If you find this site useful, please donate to support our work
Subscribe

Get our latest news by email:

Search

Looking for something?

Facebook
Thursday
Jan182018

Shared parenting success in Arizona

Dr William Fabricius describes the success of Arizona's 2012 shared parenting legislation in a recent article which notes that:

The new statute was carefully worded to promote equal parenting time while still requiring judges to weigh the traditional children’s best interest factors, such as parental mental health, that might disqualify either parent. We removed the traditional factor that gave preference to the parent who had provided primary caretaking in the past, and added a new one stating that “absent evidence to the contrary, it is in a child’s best interest to have substantial, frequent, meaningful and continuing parenting time with both parents.”

The statute states that “consistent with children’s best interests, the court shall adopt a parenting plan that maximizes the parents’ respective parenting time.”

By not giving any target numbers, the law puts the focus on providing the child with as close to equal parenting time with both parents as possible for that family.

His research showed support from judges, court staff, lawyers and mental health providers for the new measures.  His conclusion: "Arizonans have found that there doesn’t have to be a trade-off between equal parenting time and judicial discretion when courts are directed to try to maximize children’s time with both parents."

Thursday
Jan182018

Holyrood Cross Party Group on Shared Parenting

The initiating meeting of a proposed Scottish Parliament Cross Party Group on Shared Parenting took place on Wednesday evening, January 17th.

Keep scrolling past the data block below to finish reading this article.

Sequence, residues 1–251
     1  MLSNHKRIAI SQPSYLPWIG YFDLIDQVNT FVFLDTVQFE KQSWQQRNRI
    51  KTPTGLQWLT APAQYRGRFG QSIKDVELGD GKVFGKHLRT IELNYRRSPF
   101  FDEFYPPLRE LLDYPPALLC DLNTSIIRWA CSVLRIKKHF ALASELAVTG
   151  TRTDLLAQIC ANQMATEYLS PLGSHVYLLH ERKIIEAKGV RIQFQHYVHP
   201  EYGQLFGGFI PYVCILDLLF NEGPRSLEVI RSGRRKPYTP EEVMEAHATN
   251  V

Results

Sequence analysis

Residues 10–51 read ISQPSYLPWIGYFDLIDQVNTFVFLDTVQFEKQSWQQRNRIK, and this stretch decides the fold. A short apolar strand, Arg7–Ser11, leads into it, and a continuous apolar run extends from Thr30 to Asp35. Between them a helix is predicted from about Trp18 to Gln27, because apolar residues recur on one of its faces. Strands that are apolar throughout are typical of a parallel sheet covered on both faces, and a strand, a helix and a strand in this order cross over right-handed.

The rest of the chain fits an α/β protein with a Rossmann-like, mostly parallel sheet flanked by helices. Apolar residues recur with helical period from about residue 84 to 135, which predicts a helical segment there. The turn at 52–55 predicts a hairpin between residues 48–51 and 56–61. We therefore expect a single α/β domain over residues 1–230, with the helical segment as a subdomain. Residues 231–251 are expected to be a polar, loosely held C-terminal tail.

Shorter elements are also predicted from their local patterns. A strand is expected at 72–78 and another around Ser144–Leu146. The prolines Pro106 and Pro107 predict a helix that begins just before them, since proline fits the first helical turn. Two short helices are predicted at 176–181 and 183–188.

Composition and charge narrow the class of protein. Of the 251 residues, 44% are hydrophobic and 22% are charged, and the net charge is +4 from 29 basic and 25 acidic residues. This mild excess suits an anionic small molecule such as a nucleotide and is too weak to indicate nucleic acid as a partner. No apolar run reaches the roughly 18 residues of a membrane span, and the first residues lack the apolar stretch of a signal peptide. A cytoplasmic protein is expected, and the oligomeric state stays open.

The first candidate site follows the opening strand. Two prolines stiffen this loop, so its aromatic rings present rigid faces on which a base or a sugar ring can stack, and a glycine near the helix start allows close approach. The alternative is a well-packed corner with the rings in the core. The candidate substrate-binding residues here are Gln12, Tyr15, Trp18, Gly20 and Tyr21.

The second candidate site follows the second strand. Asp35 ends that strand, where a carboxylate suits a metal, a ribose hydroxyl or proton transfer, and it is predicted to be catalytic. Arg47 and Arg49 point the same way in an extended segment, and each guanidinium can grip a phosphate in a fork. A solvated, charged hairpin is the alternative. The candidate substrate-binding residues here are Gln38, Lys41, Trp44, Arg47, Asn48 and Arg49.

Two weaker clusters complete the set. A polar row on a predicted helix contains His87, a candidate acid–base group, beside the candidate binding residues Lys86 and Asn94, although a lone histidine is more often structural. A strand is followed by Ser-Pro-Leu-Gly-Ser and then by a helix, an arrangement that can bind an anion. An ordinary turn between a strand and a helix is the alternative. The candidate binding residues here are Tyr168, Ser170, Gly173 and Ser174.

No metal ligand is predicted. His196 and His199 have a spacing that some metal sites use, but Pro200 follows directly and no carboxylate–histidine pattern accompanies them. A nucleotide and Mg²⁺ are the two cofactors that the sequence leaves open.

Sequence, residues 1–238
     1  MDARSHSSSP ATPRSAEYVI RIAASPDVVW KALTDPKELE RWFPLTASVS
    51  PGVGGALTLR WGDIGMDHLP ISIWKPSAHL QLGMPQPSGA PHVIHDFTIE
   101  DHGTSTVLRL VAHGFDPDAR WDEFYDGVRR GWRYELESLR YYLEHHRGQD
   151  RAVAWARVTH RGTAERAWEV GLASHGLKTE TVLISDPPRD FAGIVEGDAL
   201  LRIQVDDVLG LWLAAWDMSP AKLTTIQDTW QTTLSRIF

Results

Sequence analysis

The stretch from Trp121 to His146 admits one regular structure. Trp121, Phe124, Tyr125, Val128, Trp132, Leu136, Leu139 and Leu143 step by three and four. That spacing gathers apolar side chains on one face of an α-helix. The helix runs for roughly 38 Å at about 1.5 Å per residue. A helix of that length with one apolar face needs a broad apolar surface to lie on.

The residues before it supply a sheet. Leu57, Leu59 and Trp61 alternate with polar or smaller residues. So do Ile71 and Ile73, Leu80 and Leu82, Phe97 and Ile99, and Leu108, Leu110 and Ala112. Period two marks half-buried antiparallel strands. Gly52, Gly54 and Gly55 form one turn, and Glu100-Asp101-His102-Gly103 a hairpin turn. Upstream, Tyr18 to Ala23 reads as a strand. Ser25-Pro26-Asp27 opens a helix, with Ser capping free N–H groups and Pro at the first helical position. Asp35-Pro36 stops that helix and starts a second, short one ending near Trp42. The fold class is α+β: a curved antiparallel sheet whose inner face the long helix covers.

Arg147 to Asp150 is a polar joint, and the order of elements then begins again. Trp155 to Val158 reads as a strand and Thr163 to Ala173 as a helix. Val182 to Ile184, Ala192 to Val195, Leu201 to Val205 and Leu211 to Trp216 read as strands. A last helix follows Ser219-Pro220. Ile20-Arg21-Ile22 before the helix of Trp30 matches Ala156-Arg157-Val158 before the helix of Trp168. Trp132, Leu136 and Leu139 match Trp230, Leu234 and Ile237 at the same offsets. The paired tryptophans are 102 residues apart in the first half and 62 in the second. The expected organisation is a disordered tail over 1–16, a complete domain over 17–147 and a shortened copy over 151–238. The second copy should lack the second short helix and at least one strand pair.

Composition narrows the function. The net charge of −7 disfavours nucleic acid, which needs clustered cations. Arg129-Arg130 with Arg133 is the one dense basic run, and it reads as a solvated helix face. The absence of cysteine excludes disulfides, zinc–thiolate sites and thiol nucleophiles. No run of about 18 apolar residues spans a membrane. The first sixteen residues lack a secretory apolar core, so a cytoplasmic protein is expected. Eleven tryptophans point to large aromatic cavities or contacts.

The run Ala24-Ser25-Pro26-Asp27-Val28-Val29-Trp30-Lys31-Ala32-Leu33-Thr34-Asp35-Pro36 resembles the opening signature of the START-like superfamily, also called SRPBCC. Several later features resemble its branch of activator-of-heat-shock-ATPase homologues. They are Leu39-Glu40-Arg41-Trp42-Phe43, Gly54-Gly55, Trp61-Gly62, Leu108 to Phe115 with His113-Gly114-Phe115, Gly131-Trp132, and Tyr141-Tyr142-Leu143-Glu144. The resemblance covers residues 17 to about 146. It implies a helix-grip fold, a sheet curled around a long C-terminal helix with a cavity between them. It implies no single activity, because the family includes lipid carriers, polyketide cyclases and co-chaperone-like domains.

15 individuals representing 10 parent and parenting organisations attended while apologies were received from three other organisation who couldn’t make it on the night.

The meeting was convened by Ian McKee (SNP). Gillan Martin and Bob Doris (both SNP) and Adam Tomkins and Finlay Carson (both Conservative) attended while apologies were received from Kate Forbes (SNP) and Andy Wightman (Green).

The meeting discussed and confirmed the name of the group, its aims and objectives and the shape of a prospective work programme, summarised as a wideranging exploration of relevant research, insight and information from within Scotland and abroad.

Three co-conveners were agreed: Ian McKee MSP, Adam Tomkins MSP and Gillian Martin MSP.

FNF Scotland will provide the secretariat support.

Proposed Cross Party Groups must be formally approved by the Scottish Parliament Procedures and Public Appointments Committee. The application will be submitted by Ivan McKee to the next available meeting.


Wednesday
Jan102018

FNF Scotland to launch group in Dundee

 

The group will establish a regular meeting place for parents (fathers or mothers) who are having difficulty  securing stable and consistent arrangements for time with their children after separation or even if they have never lived together. The aim of the monthly meeting is to provide advice and information about the problems they may be experiencing but will also be an opportunity for mutual support and positive encouragement in particular to dads that they have a lot to offer as parents. Around 90% of non-resident parents are fathers.